Why Does High School Transition Matter?
Because freshmen are the largest at risk population at your school.
- More students fail 9th grade than any other grade. (National High School Center, 2007)
- Promotion rates between 9th and 10th grade are significantly lower than rates between all other grades (Wheelock & Miao, 2005).
- Most high school dropouts fail at least 25% of their ninth grade courses, while 8% of high school completers experienced the same difficulty (Letgers & Kerr, 2001)
- Low attendance during the first 30 days of the 9th grade year is a stronger indicator that a student will drop out than any other 8th grade predictor, including test scores, other academic achievement, and age (Jerald, 2006)
What would happen if older students at your school were given the resources, the skill and the permission to change this ... AND the structure to do it?
Providing a structure to connect upperclassmen to underclassmen that includes effective training and the necessary support to make the relationship meaningful, allows students to focus on school, rather than avoiding bullies and wondering how or if they're going to fit in.
To help freshmen succeed, we need to help them transition.
In schools in which transition programs are fully operational, researchers saw a dropout rate of 8%, while schools without transition programs averaged 24% (Reents, 2002).
Link Crew's main goal is to successfully transition freshmen by addressing the three fundamental transition needs that every student has: Safety, Information and Connection.
In many high schools, the focus is on keeping students safe by keeping bad things from entering the school environment. As a result, money and resources are invested in security to seal off the campus.
Those inside our high schools, however, know that the far greater issue for students is keeping them safe from the negative forces within the school walls and halls. Bullying, rumors, isolation, and harassment are far more likely to pose safety risks on the average campus than external violence.
Link Crew allows students to have a trusted source of safety from their first moments on their school campus.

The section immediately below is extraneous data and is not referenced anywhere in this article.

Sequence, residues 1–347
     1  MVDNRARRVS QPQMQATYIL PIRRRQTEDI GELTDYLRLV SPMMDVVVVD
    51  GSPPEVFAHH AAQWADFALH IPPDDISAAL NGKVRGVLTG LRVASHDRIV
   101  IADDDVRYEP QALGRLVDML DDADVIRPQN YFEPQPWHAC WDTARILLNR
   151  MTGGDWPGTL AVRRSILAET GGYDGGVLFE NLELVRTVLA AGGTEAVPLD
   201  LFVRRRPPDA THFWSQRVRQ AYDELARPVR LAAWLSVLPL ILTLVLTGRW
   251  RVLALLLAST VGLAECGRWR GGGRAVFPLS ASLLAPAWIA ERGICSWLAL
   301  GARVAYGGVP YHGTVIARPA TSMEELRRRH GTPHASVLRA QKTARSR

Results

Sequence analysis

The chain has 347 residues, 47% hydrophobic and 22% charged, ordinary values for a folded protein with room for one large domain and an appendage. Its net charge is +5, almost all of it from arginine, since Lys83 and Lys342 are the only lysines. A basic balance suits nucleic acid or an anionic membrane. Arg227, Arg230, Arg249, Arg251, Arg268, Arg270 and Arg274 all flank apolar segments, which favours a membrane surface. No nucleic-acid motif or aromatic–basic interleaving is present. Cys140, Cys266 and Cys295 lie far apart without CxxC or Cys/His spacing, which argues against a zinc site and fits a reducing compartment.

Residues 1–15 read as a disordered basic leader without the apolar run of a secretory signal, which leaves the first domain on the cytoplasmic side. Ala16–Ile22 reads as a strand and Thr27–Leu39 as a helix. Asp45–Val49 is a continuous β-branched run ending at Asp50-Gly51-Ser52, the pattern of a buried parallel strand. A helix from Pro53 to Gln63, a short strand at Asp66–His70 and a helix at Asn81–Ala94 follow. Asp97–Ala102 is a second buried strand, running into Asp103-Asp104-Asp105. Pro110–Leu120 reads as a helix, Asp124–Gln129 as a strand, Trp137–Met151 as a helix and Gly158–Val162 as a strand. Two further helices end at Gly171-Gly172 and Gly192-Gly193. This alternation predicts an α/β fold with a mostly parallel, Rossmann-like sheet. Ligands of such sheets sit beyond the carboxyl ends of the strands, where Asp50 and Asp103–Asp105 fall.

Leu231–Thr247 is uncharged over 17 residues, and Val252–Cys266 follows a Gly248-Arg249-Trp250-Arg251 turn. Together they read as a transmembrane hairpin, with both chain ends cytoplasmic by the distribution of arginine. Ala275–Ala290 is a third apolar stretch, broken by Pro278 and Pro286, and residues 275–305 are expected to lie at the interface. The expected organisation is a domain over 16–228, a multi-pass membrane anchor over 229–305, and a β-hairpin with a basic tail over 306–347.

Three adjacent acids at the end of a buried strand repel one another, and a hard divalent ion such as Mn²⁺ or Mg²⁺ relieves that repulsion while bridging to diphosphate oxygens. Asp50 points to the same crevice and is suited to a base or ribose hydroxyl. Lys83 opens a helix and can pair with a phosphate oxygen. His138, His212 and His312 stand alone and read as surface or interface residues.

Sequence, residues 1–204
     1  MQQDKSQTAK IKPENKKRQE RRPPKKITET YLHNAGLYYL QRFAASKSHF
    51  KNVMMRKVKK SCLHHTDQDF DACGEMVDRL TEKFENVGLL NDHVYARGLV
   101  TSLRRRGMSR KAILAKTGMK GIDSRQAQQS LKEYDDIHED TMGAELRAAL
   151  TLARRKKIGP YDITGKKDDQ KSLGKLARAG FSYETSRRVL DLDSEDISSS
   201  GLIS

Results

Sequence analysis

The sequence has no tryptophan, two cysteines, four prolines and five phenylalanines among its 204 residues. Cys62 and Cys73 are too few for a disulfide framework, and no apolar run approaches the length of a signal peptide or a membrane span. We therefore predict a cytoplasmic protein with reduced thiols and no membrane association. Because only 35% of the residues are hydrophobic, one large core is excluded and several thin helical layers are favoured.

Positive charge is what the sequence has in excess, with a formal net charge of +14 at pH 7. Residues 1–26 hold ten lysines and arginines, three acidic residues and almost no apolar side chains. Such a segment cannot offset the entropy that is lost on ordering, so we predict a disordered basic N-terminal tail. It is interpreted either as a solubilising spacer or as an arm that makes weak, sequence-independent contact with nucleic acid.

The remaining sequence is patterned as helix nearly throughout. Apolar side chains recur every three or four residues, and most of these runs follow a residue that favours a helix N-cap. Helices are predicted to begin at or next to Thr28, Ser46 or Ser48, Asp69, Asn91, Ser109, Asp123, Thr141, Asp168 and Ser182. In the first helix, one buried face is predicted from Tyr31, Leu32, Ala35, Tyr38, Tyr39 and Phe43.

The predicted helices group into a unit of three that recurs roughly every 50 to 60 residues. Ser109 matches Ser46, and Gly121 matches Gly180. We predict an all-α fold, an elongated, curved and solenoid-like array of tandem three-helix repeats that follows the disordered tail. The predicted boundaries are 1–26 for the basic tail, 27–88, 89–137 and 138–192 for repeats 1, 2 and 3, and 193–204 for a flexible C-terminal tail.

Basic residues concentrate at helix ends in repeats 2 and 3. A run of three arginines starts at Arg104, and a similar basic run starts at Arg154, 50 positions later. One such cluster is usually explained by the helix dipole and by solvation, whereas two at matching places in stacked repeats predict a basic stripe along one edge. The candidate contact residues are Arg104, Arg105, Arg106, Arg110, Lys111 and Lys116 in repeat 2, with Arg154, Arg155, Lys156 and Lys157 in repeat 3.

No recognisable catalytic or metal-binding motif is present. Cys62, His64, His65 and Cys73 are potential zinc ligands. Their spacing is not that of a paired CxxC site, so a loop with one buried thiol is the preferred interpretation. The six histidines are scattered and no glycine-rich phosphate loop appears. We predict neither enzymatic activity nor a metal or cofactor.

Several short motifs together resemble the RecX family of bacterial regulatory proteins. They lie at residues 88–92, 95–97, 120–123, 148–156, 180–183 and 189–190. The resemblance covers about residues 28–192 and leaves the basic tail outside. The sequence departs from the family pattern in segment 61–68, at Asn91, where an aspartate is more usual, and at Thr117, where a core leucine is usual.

To make a successful transition, we need the what, where, how, and when to aid us on our journey. In schools, this translates into students needing to know what classes they have to take, where those classes are, what rules are important, what opportunities are available, and where they have to be when.
For most schools, the challenge comes in getting this information to the students in an accurate and timely manner. Many schools gather large groups of new students and parents together and talk at them. They also post the information everywhere they think parents or students might look: newsletters, websites, and bulletin boards.
Link Crew focuses the information dissemination process through the student to student connection both one on one and in small groups. This makes it far more likely that critical information is received and remembered.
Even when students feel safe and informed, they may not successfully transition into a new school if they do not develop a sense of connection. In every transition in our lives we need to feel a sense of connection to the new situation. This is true whether we are connecting to a new job, a new child, or a new reality in our own lives.
The more connected students are to their new school, the better they will do in all the measures that are important in tracking their success: grades, test scores, attendance, and discipline. All these measures are positively affected when students are connected.
Schools try to promote this crucial component of transition by offering co-curricular activities, athletics, and special events in the hopes that kids will connect. Unlike the two other components to a successful transition, this one is left to chance. Even the most robust co-curricular programs only involve a percentage of the students.
Link Crew creates a structure that connects every incoming freshman with a caring upperclassman from their first day through the end of their freshman year.